Nikol Pahinyan, Republic Square
People take part in a rally in support of Armenia’s then-acting Prime Minister Nikol Pahinyan in Republic Square in Yerevan, Armenia. On June 20, 2021, Armenia held an early parliamentary election. According to the Armenian Central Election Commission, the Civil Contract party led by Nikol Pashinyan received 55 percent of the votes. Photo credit: © Alexander Ryumin/TASS via ZUMA Press

Armenian Prime Minister Nikol Pashinyan won reelection in an unexpected landslide Monday despite opposition and losses in last fall’s Nagorno-Karabakh war.

This story is the second part of a series on Armenia’s parliamentary elections. Click here for Part 1.

Despite last year’s crushing military defeat that lost territory to Azerbaijan, Armenia’s embattled prime minister, Nikol Pashinyan, won reelection in a surprising landslide victory on Monday. Pashinyan’s Civil Contract Party carried 55.6 percent of the vote, while the Armenia Alliance of his main challenger, Robert Kocharyan, a two-time former president, only managed 20 percent. 

Kocharyan’s alliance had been widely expected to narrowly lead in Sunday’s snap vote in what had emerged as Armenia’s most fateful and unpredictable parliamentary race. Pashinyan’s landslide victory gives him a majority in Armenia’s unicameral parliament. He will now have carte blanche for what he calls “purges” and “vendettas” against his foes that may enrage Moscow, Armenia’s biggest ally.

Opponents had accused Pashinyan of treason after he swapped top-secret maps of landmines in the Nagorno-Karabakh enclave for several dozen haggard youngsters in torn uniforms. The maps saved the Azerbaijani government in Baku tens of millions of dollars in demining efforts and sped up the return of refugees uprooted in the early 1990s by the first open war between the two ex-Soviet nations.

Pashinyan affirmed on Facebook that his Civil Contract Party will form a newly elected government and constitutional majority. He immediately headed to a monument to the soldiers who died in the Nagorno-Karabakh conflict that was long considered a “frozen,” unsolvable political stalemate.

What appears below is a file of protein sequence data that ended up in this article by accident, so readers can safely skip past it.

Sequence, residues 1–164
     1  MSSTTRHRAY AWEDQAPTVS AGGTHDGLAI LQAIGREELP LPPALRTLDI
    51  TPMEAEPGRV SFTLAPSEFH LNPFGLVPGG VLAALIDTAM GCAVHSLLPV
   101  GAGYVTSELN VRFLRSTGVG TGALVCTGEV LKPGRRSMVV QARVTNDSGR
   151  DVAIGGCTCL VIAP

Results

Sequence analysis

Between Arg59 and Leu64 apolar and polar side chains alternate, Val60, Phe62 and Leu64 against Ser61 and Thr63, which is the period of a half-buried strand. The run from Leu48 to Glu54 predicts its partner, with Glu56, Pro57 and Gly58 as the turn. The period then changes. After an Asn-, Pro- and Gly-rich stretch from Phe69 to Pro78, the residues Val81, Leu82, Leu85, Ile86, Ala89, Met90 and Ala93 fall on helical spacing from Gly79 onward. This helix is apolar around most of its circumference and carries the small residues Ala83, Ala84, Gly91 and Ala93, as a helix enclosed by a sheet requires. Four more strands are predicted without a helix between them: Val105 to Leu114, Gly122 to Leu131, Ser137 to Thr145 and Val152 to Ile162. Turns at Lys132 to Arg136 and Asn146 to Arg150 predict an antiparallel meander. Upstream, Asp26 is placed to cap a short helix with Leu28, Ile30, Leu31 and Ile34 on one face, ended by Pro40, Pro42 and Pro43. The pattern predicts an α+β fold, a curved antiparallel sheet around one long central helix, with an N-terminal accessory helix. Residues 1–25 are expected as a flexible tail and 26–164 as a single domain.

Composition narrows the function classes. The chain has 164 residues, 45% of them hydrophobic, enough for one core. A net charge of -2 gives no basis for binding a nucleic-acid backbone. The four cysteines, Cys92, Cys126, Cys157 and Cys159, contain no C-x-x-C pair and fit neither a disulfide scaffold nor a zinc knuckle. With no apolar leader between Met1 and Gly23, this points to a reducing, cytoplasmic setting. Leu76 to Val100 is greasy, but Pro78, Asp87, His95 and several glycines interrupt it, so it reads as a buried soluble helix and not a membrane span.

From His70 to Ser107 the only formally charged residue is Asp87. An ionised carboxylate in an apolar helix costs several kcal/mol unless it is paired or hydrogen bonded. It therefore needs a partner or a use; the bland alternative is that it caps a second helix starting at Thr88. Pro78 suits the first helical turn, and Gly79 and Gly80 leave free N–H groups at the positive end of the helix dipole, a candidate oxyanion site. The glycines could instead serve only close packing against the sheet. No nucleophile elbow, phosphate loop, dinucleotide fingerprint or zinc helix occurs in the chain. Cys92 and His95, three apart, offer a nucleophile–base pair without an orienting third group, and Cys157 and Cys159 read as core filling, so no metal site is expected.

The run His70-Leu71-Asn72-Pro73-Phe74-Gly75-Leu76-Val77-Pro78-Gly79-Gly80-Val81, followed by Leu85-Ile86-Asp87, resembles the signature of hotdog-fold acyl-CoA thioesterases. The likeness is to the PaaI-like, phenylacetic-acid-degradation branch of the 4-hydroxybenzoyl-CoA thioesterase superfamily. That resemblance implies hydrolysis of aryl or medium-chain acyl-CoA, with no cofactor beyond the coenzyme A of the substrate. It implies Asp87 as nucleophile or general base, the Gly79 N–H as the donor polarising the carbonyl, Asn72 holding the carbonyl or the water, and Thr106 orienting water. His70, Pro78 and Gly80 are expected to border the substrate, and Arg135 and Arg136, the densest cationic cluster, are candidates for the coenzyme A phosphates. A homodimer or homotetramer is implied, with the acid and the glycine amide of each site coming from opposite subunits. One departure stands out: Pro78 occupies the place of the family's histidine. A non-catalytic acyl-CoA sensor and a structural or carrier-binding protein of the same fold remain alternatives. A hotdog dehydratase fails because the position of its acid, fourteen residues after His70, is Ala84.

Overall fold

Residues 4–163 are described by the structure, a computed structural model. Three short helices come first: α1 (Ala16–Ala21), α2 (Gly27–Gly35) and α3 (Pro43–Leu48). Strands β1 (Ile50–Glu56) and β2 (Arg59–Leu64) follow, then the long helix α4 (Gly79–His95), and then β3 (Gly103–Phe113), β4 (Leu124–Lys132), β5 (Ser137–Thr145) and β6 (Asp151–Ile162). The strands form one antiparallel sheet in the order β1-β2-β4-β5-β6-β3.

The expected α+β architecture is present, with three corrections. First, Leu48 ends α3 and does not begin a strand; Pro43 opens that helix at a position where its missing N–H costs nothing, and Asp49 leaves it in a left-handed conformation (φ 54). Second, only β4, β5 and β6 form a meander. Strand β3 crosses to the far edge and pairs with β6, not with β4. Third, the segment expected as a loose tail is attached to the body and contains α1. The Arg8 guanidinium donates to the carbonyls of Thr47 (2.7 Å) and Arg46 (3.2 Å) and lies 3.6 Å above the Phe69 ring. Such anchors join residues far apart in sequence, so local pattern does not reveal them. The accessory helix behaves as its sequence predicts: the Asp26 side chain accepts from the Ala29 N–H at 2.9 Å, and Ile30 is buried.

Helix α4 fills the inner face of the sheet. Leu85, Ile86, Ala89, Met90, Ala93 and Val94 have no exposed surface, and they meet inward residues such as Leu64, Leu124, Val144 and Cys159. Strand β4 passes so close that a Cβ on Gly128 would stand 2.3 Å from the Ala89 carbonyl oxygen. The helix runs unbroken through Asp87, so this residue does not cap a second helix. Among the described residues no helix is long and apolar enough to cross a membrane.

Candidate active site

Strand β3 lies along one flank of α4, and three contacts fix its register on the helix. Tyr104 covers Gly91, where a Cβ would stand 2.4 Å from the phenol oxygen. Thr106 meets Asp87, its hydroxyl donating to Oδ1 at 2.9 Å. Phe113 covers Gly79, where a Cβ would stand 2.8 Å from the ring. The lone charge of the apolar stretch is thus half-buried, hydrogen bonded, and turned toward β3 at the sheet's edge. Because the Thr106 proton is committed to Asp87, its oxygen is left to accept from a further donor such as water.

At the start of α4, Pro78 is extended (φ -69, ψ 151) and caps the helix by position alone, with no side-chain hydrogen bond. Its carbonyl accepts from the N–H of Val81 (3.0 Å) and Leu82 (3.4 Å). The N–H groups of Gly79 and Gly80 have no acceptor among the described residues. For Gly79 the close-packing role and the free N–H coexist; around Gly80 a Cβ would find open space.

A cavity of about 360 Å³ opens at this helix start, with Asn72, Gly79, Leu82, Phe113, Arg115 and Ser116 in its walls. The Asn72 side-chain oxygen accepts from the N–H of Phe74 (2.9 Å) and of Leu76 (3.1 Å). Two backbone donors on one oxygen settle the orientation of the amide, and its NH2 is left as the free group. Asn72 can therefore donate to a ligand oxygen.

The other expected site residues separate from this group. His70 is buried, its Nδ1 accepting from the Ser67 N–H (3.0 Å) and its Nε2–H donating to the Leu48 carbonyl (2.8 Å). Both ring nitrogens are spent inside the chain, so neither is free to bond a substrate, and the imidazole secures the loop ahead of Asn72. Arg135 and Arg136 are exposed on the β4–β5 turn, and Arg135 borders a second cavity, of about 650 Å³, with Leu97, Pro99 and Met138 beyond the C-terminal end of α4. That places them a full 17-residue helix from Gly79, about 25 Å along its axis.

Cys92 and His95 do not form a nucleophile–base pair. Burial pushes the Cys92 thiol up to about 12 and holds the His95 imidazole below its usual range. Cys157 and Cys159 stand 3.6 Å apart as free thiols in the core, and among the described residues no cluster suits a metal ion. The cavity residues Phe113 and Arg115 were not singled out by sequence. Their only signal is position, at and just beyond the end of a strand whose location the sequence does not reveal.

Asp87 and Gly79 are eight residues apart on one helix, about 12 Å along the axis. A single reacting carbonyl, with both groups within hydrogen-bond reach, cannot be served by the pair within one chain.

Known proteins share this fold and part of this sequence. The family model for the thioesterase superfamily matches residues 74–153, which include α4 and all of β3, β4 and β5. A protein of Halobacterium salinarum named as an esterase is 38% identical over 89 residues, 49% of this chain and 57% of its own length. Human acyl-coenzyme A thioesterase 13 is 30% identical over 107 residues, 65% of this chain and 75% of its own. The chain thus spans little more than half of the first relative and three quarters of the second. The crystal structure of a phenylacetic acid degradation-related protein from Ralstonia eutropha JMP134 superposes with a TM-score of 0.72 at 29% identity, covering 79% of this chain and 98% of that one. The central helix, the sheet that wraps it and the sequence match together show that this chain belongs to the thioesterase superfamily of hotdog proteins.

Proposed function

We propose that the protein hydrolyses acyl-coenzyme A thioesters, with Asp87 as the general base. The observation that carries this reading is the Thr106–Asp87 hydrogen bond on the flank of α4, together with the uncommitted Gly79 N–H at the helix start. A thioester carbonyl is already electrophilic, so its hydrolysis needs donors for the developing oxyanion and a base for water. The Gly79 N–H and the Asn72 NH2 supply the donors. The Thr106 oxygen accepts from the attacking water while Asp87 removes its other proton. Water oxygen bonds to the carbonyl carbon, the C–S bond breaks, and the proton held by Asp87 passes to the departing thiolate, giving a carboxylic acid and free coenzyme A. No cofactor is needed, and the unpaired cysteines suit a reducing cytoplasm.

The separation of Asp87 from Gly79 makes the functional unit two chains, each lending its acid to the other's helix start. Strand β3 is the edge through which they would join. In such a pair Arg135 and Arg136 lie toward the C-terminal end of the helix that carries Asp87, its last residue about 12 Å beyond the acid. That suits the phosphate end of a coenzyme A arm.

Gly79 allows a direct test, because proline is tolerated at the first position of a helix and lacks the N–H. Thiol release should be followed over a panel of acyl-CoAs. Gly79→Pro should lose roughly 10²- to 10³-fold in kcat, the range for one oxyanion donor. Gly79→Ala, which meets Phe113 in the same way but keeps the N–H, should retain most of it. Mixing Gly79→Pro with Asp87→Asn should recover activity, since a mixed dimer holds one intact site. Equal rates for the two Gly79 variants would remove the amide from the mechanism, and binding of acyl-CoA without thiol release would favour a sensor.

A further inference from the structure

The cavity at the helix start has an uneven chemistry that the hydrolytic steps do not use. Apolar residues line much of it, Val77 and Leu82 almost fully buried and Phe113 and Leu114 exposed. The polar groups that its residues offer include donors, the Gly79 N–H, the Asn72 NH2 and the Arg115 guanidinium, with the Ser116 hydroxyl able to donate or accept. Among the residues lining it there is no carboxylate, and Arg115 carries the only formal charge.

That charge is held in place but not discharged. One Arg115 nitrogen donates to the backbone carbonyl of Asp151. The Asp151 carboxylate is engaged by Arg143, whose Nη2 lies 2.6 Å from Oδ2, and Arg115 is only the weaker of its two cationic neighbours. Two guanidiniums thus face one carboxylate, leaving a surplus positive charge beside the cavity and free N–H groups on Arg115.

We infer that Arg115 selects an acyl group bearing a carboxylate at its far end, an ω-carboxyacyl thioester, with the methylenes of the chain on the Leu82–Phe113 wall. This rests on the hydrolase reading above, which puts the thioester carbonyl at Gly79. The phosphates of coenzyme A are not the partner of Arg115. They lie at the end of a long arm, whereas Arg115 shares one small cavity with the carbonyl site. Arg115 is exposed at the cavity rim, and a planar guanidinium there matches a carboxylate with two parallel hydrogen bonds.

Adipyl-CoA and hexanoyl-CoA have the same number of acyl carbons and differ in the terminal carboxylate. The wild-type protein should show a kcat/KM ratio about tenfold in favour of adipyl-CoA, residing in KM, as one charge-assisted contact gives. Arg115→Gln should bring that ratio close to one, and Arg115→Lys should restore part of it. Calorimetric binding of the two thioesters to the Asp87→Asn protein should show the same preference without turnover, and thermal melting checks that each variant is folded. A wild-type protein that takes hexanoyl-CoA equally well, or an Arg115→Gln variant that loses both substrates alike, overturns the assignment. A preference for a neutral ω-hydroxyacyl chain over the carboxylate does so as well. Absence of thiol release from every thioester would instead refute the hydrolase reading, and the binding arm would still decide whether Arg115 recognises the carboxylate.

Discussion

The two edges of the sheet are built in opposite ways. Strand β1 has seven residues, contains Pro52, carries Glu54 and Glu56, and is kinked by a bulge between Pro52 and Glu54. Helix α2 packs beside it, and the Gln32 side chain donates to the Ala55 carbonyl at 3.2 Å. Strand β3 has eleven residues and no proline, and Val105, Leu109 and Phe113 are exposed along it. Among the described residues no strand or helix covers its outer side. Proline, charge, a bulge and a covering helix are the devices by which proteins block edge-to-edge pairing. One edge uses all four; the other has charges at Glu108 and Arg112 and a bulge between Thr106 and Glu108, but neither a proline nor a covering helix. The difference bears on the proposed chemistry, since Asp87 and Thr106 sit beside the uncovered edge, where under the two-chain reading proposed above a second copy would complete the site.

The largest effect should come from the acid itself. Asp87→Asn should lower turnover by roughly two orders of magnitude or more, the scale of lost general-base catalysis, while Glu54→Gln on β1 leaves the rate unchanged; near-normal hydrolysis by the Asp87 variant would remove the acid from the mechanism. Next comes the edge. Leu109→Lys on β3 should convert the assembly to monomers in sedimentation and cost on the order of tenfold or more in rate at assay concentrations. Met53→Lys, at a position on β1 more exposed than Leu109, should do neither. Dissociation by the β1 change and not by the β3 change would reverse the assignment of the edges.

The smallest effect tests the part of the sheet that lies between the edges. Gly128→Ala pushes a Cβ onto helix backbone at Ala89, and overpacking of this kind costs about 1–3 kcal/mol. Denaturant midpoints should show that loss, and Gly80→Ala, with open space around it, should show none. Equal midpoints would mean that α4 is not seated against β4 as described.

Last Tuesday, Kocharyan told the Russian RIA Novosti news agency that he “can’t completely rule out” a civil war over the election results.

Kocharyan’s alliance refused to recognize Pashinyan’s victory, claiming in a statement on Monday that it received “hundreds” of complaints allegedly proving “a systematic, pre-planned falsification of election results.”

Last Tuesday, Kocharyan told the Russian RIA Novosti news agency that he “can’t completely rule out” a civil war over the election results.

However, observers from the Organization for Security and Cooperation in Europe (OSCE) said the vote was free and fair.

According to analysts, Pashinyan’s unexpected victory was brought on by previously undecided voters, more than a third of whom had not made up their minds until the last minute when they voted against Kocharyan’s political return.

“The scale of the victory was certainly unexpected, since the election was unpredictable until the very end,” Kevork Oskanian, an honorary research fellow at the United Kingdom’s University of Birmingham, told WhoWhatWhy. “It appears the vast majority of those voters ultimately decided to vote for Pashinyan — or, perhaps more accurately, against Kocharyan.”

Kocharyan headed Nagorno-Karabakh in the mid-1990s, after the war that claimed more than 30,000 lives and displaced up to a million, mostly from seven Azeri-dominated districts that surround Nagorno-Karabakh and link it to Armenia. Many refugees from both sides ended up in Russia, forming large and affluent diasporas.

Organization for Security and Cooperation in Europe (OSCE), Armenia, election